As Dr PikeТs paper illustrates in the context of needle exchanges, controversy abounds in the assessment of side effects. Empirical issues have prominence in this aspect of the drug debate. He makes the incontrovertible point that "reliable information is essential for a complete examination of the ethics of needle exchanges" just as it is for the assessment of other measures. Uncertainty is the main stumbling block. At issue is much information within the realm of the social sciences where scientific proof is notoriously difficult to come by. Whether needle exchanges actually promote drug use, as Dr Pike suggests, is one such question. There are uncertainties also within the biological sciences including the effects on the body of marijuana.
Ethical decision making cannot be left in limbo pending the attainment of certainty. Dr Pike recognises the importance of evidence falling short of proof: "Ethics does not exist in abstraction from the evidence, however, even with limited evidence, it brings a valuable perspective to the debate." As a doctor in physiology he would be well aware of the importance of assessing the weight to be given to evidence. It is undesirable to base action on a mere possibility rather than a reasonable likelihood as determined by those with the technical knowledge that allows them to make an informed assessment of the evidence. The process is part of standard scientific method.
Whether because of emotions surrounding drugs, political sensitivity or otherwise, this process is often derailed when it comes to empirical questions of relevance to drug policy. For example, it is often said that interventions like medically supervised injecting rooms should not be trialled because there is no proof that they will save lives. The Prime Minister used a similarly invalid argument when rejecting renewed calls for a trial of heroin prescription after the release of the report of an expert panel to assess the result of the Swiss heroin trial. The panel acknowledged that the trials produced a large reduction in deaths and crime and improved the health and social integration of the patients but found, because of the trialТs design, that it was not possible to attribute those changes to the prescription of heroin as opposed to the associated psycho-social support. That the trial greatly strengthened the evidence in favour of heroin prescription was ignored.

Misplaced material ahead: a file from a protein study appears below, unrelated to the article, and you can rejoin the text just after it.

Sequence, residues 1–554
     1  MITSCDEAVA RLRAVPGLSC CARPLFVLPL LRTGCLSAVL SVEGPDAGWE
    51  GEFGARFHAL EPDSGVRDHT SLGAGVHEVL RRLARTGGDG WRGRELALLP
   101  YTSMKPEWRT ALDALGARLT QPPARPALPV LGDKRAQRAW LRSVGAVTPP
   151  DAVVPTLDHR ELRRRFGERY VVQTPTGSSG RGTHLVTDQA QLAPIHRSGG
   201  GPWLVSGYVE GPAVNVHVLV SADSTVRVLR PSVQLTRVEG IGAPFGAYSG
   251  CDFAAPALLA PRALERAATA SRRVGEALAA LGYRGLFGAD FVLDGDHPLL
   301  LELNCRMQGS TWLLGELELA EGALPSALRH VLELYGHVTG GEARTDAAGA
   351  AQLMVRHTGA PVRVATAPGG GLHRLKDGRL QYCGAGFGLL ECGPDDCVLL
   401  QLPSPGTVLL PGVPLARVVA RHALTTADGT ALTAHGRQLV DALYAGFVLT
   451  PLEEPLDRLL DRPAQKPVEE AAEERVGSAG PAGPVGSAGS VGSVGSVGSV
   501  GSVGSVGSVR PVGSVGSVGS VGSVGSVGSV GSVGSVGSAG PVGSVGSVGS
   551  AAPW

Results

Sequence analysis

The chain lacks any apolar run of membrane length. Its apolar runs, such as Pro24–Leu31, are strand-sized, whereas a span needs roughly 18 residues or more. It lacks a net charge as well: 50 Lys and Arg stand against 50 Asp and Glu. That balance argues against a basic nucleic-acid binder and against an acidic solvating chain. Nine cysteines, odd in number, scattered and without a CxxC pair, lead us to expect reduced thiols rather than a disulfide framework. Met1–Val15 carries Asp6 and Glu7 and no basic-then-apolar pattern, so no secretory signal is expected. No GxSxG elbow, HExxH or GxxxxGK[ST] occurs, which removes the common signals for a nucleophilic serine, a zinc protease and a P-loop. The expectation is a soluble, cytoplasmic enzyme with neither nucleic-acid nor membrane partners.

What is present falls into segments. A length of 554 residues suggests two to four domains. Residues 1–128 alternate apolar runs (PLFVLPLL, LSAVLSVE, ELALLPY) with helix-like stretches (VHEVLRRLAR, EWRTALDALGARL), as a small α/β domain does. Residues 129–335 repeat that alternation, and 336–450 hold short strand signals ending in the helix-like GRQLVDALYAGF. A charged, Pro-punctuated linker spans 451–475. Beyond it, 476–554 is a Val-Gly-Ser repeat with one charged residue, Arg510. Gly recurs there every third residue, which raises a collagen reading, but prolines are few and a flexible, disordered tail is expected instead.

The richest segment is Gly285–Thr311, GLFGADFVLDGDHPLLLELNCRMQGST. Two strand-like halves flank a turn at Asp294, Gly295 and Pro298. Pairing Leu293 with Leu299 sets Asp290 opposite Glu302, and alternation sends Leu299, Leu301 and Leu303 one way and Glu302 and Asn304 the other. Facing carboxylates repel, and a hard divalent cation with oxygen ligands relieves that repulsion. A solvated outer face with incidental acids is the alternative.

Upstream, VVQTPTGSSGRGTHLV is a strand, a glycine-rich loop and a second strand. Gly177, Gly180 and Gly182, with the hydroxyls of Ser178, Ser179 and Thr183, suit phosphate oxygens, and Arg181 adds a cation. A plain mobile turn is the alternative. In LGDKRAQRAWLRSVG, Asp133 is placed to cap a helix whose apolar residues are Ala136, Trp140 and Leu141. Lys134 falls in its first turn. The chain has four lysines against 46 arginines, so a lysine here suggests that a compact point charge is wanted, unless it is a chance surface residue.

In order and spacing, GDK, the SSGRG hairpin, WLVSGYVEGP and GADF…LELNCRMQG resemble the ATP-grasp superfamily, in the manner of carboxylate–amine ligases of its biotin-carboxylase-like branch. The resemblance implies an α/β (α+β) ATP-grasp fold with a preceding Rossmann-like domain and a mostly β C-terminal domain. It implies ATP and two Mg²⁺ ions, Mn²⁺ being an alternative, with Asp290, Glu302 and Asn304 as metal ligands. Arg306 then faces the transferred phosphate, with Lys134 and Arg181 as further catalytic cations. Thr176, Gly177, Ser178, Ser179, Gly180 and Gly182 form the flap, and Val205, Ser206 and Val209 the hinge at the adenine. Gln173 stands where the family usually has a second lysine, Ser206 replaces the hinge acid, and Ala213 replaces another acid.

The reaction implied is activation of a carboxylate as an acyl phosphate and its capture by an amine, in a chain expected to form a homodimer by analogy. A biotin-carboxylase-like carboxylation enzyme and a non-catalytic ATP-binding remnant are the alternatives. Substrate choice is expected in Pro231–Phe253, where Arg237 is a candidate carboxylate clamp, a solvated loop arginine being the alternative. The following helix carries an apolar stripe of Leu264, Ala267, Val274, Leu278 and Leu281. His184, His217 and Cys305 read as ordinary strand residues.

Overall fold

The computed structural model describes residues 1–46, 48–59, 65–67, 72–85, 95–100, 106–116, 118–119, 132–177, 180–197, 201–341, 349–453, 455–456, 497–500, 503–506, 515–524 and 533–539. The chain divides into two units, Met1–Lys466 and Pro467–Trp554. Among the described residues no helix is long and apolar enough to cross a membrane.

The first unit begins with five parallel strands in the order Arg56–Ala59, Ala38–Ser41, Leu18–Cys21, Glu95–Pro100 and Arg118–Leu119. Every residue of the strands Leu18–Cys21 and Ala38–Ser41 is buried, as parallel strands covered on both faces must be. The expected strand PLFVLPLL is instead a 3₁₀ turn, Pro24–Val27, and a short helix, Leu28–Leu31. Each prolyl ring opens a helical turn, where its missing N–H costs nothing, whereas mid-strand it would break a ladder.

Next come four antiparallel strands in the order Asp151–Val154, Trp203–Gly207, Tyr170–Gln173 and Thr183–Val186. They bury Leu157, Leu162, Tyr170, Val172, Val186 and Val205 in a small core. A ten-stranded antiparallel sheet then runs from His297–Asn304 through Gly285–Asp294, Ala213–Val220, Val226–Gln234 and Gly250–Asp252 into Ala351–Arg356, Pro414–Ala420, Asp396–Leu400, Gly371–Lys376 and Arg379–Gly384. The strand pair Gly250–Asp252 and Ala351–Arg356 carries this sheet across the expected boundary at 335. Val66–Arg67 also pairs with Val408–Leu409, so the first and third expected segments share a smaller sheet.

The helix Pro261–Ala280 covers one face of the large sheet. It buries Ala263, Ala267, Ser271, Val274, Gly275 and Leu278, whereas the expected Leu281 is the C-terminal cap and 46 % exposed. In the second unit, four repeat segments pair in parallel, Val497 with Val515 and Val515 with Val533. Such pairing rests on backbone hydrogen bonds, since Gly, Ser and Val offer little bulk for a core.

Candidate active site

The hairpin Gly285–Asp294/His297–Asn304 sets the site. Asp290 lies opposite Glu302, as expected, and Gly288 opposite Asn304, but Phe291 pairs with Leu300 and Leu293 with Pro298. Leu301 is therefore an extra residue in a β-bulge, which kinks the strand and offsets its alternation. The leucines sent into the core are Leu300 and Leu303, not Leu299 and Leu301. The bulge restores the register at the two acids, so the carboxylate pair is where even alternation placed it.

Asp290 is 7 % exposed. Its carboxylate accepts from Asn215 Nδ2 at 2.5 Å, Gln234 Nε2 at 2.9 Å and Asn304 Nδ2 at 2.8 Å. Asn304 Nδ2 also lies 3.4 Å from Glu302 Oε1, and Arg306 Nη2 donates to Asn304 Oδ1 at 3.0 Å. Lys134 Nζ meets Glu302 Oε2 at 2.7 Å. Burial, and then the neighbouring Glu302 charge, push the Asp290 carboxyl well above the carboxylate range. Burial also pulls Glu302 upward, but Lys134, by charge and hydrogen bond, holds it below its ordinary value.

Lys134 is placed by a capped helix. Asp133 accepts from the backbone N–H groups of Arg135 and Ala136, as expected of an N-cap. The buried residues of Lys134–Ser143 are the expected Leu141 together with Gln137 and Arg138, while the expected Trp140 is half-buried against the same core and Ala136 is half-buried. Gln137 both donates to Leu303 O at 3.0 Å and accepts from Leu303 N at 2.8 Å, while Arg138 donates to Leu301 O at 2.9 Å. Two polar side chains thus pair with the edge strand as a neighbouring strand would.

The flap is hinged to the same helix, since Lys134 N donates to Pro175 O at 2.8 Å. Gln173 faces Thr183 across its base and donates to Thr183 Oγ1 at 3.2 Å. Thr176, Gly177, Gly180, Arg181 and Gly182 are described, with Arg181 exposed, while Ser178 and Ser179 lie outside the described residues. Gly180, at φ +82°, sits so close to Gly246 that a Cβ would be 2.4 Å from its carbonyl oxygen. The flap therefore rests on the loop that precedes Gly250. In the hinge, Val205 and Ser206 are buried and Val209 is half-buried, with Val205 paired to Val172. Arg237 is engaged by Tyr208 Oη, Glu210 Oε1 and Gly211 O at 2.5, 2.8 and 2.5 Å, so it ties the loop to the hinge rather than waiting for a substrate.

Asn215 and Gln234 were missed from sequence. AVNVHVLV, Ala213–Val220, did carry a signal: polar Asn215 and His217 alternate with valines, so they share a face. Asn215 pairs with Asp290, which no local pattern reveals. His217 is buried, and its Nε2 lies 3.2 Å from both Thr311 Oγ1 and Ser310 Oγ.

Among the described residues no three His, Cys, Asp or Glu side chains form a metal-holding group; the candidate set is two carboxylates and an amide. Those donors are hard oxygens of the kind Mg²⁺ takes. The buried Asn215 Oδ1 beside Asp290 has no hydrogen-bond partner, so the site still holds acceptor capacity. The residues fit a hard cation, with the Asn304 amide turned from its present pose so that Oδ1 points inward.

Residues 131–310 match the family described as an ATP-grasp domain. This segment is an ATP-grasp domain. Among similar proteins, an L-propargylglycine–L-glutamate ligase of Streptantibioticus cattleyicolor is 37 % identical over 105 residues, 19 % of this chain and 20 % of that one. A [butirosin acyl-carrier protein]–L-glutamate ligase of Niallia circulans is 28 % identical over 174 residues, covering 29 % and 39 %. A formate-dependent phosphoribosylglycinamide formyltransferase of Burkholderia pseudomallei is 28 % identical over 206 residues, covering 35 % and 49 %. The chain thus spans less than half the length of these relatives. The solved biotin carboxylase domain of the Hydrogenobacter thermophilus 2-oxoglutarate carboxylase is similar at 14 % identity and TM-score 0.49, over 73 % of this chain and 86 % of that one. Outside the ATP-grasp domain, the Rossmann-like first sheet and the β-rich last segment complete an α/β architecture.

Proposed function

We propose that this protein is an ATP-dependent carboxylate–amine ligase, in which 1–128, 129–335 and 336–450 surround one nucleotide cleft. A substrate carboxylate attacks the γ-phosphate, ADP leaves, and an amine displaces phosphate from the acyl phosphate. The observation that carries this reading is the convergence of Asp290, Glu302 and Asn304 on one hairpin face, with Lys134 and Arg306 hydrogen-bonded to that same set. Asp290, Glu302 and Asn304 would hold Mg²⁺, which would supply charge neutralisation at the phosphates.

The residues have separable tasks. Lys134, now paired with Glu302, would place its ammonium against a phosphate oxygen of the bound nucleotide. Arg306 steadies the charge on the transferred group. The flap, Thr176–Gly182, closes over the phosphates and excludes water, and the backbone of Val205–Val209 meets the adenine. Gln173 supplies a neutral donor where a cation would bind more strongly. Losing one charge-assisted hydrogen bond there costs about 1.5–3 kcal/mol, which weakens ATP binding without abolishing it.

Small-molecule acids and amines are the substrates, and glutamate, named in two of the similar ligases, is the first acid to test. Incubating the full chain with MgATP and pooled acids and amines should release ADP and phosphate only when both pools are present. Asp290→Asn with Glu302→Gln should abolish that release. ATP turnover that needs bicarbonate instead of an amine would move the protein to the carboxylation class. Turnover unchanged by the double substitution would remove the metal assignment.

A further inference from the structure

Similarly, expert opinion that withstands peer scrutiny is frequently discounted in the light of counter views that do not have the same credibility among peers. According equal weight to competing views to achieve "balance" is common in journalism but in science is out of place in the assessment of evidence. A case in point seems to be Dr PikeТs reference to doubts expressed by Dr Lucy Sullivan challenging the generally accepted expert view about the efficacy of the needle exchange programme. The programme was introduced in the late 1980s to limit the spread of blood borne diseases like HIV/AIDS. Since then, she writes, hepatitis C "has spread extensively, [among intravenous drug users] making it clear that the availability of free needles has not prevented bloodborne viral transmission." Three researchers of the Macfarlane Burnet Centre for Medical Research term Dr SullivanТs argument "flawed". They point out that hepatitis C infection among Australian intravenous drug users "predated needle exchange by at least 15 years." Moreover, they affirm that "needle exchange does prevent the spread of HIV". It has been limited to between 2 and 3 per cent. of the intravenous drug using population.